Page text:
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British broadsides: continued

Page: 1, 2, 3, 4, 5, 6, Songs
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Murder Ballads
Secret London

After a career of 25 years in Seven Dials, Catnach was able to retire in 1838 with £5,000 in his pocket: a sum which would be worth over £400,000 today. When the Victorian sociologist Henry Mayhew questioned London ballad-sellers in the 1840s, Catnach's was still the name they mentioned most.
One 1840s seller sang Mayhew a couple of verses from a childhood ballad he still knew by heart:

“Come all good Christians, praise the Lord,
And trust to Him in hope,
God in his mercy Jack Thurtell sent,
To hang from Hertford gallows rope.

“Poor Weare's murder, the Lord disclosed,
Be glory to His name,
And Thurtell, Hunt and Probert too,
Were brought to grief and shame.” (9)

When Mayhew repeated these lines to another ballad-seller, there was an immediate flash of recognition. “That's just the old thing, Sir,” he said. “And it's quite in old Jemmy Catnach's style, for he used to write verses. [...] It was just his favourite style, I know.”
The Weare ballad Mayhew quotes was a very good earner for Catnach. It tells the tale of a particularly brutal Elstree murder in 1823, the appeal of which Catnach felt demanded a special effort. He set four different presses running with his “Full True and Particular Account” of the crime and, working day and night for a week, his shop managed to turn out and sell 250,000 copies. Thurtell's trial and execution provided another bonanza, netting Catnach £500 in penny sales from that sheet alone. Like all his takings, these coins had to be boiled in potash and vinegar before anyone outside soapless Seven Dials would accept they were free of disease.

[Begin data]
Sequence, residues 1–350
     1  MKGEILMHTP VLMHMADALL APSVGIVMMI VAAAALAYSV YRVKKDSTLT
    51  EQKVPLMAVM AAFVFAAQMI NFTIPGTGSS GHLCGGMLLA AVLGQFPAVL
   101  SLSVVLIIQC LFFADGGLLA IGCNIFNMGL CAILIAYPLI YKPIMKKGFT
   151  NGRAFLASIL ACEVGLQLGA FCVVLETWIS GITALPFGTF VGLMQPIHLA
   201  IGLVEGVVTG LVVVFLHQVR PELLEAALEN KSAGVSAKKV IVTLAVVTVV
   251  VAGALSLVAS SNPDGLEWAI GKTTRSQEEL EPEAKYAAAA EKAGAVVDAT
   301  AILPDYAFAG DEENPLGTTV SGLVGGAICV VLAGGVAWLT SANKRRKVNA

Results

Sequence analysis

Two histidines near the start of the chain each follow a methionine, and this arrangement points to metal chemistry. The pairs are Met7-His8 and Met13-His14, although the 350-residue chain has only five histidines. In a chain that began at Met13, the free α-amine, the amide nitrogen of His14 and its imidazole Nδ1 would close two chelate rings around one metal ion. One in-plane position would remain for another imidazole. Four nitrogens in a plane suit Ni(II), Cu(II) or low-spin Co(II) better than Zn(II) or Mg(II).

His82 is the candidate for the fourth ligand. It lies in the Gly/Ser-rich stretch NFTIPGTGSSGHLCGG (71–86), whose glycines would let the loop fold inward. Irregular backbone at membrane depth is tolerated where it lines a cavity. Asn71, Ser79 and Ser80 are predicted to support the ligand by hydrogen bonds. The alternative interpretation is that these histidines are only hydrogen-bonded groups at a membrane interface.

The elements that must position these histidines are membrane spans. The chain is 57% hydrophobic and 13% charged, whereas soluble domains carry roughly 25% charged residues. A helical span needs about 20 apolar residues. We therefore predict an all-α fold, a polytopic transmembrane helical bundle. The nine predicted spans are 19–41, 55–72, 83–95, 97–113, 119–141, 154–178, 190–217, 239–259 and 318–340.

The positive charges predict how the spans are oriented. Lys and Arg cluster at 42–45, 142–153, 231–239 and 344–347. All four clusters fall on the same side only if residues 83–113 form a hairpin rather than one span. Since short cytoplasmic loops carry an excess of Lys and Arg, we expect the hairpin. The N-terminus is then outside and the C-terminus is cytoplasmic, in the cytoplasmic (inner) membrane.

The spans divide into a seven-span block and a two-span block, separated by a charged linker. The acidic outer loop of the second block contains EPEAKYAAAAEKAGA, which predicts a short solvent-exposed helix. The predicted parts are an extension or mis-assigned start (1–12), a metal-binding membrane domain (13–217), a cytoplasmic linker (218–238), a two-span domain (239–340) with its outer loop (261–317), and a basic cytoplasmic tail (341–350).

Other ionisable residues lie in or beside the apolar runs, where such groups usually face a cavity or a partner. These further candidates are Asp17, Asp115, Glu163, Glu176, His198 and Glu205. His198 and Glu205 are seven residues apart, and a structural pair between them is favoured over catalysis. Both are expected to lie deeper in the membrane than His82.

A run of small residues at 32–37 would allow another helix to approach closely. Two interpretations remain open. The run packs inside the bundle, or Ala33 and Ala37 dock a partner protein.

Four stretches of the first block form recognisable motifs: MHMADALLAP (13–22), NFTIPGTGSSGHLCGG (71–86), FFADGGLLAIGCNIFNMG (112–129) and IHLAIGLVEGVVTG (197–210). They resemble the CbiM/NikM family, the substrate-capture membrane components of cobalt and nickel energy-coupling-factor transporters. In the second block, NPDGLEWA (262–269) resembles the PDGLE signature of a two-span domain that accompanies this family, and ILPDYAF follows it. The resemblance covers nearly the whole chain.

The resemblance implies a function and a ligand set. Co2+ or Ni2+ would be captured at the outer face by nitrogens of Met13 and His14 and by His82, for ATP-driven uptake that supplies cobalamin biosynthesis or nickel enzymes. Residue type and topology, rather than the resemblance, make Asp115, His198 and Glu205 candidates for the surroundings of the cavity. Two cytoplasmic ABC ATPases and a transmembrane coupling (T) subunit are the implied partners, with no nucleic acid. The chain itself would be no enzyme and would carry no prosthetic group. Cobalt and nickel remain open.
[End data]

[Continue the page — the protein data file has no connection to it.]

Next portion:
Thurtell's trial and execution was a bonanza, netting Catnach £500 from its penny sales

Even that wasn't enough, and Catnach produced yet another sheet after Thurtell's hanging, this one headed “Weare alive again”. When disappointed buyers complained that the sheet's contents did not justify this supernatural headline, he claimed a typographical error had led to the first two words appearing too closely together: it had actually been meant to read “We are alive again”. Hindley claims this episode gave us the word “catchpenny” as a term for something designed to cheat gullible people out of a small sum.
Catnach had over-stepped the mark in a more serious way in 1818, when he produced a ballad claiming the butchers of Drury Lane were selling sausages made from human flesh. One butcher he named, a Mr Pizzey of Blackmore Street, was beaten up by angry customers. All the ballads of this era carried a note of the printer's name and address in their bottom corner, and that gave Pizzey the information he needed to sue Catnach for malicious libel. He was found guilty, and served a six month term in Clerkenwell Gaol.
John Pitts, then Catnach's main rival, used his own print shop to produce a ballad mocking Catnach's plight with the lines: